U.S. carmakers are leading the development of vehicle communications technology, and it could be a boon to city planners.
Will KnightFollow @twitterapi
I’m MIT Technology Review’s online editor. Before joining this publication, I was the online editor at New Scientist magazine. I’m particularly interested in data visualization, the history of technology, machine intelligence, and robotics. If you have something to pitch, or a comment about our editorial content, please contact me at email@example.com.
Will Knight's Stories
A Carnegie Mellon researcher shows that designing robots to ask for human assistance can make them a lot more useful.
IBM is betting that research on more human-like artificial intelligence will help it turn things around.
As industrial robots become more capable, they could start helping out around the home.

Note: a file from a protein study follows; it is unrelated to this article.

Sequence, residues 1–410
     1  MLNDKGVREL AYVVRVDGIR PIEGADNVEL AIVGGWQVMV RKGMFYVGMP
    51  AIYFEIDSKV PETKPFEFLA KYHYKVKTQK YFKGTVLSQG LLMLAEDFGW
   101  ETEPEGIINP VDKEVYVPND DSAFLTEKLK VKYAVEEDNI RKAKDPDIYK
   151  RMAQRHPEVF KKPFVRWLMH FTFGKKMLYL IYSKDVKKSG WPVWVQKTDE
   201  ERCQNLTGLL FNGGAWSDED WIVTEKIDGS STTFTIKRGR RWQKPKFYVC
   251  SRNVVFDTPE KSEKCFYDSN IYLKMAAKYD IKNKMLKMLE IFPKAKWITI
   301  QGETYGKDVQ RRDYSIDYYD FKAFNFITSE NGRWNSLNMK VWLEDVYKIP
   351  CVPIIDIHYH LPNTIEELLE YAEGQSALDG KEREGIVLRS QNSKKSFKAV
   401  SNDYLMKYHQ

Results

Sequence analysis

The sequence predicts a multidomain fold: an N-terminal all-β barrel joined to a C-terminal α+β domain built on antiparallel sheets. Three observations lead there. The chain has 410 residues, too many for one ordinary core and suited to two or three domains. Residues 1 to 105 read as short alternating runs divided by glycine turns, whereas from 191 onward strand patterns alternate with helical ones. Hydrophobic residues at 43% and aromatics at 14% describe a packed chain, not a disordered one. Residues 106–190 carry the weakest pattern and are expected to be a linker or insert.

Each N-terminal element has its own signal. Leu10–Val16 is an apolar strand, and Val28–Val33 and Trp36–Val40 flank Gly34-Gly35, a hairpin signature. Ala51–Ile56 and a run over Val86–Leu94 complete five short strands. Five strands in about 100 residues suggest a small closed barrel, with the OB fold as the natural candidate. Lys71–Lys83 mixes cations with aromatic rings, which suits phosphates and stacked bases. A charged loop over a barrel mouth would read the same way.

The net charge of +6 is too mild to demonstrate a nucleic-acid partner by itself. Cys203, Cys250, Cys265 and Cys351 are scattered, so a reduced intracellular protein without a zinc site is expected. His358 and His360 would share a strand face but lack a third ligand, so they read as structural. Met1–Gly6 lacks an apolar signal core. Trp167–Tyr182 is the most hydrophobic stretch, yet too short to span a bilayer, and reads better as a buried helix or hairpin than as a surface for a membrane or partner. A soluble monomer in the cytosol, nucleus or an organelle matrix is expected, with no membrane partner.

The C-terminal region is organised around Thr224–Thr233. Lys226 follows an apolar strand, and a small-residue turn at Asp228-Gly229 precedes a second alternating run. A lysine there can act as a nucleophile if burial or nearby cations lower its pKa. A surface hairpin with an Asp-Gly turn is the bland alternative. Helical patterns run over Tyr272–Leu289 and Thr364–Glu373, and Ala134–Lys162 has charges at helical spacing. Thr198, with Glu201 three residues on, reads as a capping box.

Ford sedans will soon come with a system that brakes if you’re about to hit a pedestrian.
The furor over a Facebook experiment suggests that few people realize how often Web companies test out new product features on them.
Tricky intersections and rogue mechanical pedestrians will provide a testing area for automated and connected cars.
Robots are starting to collaborate with human workers in factories, offering greater efficiency and flexibility.
The inventor of a home helper robot called Jibo discusses the importance of social machines.
The “world’s first family robot” is based on efforts to elicit emotional response in humans—a powerful idea, but one fraught with challenges.